Once the plan was flushed out, everything came together pretty quickly. I did the design and hired someone to do the html/css for the homepage and a couple other pages (which typically I'd just do myself), when I got the code back I did a bunch of refinements and built out the remaining pages. I then handed it off to my backend developer to flush out the functionality. I think from design to launch it was only a couple months (if that even) and that was only working on it part-time.
I also brought on a marketing guy to reach out to some real influencers to help pre-populate the site so it wasn't a wasteland when we launched to the public, this was quite beneficial. After going live, we promoted the site and our member's profiles as much as we could, anywhere we could.
Did you use Betalist or PH or other Startup Launching Platform for Launching ? How was that experience ?
Yes, we launched on Betalist, Product Hunt and quite a few other "startup listing" sites. This was the first project where I used a 3rd party service to list on various sites, which helped a bit with getting traffic but not nearly as much as I would have expected. Product Hunt was the primary traffic source by far, this was also the first product I had really launched on Product Hunt and I didn't fully understand how to use it to my advantage but we still did fairly well.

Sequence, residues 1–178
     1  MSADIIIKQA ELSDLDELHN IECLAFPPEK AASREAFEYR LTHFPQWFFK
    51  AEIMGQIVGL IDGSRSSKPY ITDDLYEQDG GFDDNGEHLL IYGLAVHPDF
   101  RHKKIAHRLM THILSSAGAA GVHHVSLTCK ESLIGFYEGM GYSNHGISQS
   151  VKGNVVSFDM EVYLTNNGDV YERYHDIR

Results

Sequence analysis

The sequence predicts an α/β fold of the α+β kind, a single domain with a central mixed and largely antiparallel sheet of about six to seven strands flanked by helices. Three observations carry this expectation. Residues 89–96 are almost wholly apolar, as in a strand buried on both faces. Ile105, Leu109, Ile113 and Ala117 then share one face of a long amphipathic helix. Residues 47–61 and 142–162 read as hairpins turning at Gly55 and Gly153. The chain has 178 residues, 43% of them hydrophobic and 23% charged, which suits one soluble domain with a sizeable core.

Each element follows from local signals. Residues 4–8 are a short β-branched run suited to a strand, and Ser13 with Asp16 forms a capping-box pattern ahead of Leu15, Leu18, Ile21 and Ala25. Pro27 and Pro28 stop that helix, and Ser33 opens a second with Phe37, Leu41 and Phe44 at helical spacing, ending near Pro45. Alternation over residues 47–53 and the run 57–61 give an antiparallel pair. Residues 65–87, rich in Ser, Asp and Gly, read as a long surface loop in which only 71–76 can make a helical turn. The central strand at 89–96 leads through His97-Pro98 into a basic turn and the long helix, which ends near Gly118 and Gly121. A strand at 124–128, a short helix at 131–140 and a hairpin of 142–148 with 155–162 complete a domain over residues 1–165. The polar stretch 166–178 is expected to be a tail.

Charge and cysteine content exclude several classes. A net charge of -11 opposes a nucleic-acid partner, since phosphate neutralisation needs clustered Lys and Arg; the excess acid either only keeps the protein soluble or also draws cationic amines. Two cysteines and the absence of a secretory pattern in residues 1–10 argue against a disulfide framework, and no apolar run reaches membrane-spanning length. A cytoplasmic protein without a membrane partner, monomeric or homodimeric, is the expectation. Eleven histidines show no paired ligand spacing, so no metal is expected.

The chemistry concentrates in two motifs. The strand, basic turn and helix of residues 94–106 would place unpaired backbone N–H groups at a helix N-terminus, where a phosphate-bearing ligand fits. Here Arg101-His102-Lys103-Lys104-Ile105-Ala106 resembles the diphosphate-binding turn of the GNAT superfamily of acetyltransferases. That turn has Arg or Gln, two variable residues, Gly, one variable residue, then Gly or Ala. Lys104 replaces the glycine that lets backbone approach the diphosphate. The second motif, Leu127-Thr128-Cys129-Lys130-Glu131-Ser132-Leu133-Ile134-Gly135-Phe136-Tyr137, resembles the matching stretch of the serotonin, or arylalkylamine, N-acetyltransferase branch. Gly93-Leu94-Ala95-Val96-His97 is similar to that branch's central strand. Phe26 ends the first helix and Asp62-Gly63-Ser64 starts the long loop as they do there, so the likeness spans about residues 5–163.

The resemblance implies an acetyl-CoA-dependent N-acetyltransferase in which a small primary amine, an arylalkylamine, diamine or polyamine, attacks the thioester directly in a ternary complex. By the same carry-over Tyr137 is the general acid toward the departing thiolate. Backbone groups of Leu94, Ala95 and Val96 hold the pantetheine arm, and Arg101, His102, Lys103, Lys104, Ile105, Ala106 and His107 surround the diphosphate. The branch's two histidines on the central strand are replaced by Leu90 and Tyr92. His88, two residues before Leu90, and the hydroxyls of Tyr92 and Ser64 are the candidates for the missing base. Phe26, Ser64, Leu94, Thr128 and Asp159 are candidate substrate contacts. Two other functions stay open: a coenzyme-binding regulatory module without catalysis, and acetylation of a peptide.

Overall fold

What’s your business model, and how have you grown your revenue?
As I mentioned earlier, profiles start at an annual rate of $1 and go up by $1 per new profile added in each category, so the most any one user would pay is $100 for one profile in one category. The idea here was to make it very approachable to join, but also make it a bit urgent to join as the earlier you got in the better price you got. To help populate the site early on, we gave some people free profiles in return for some promotion on launch day.
What are the biggest challenges you’ve faced and obstacles you’ve overcome? What are your goals for the future?
When we first launched, much of the social media wasn't automated yet so it was a lot of effort to push out content from the site. We have a few better tools today, but we could do even better. And again, just sustaining traffic is a challenge and seems like it needs constant attention to stay in the public eye. I have actually stepped back from much of the marketing I was doing before just so I can see what kind of "organic", self-sustaining traffic we are actually getting so I have a better idea where to focus next.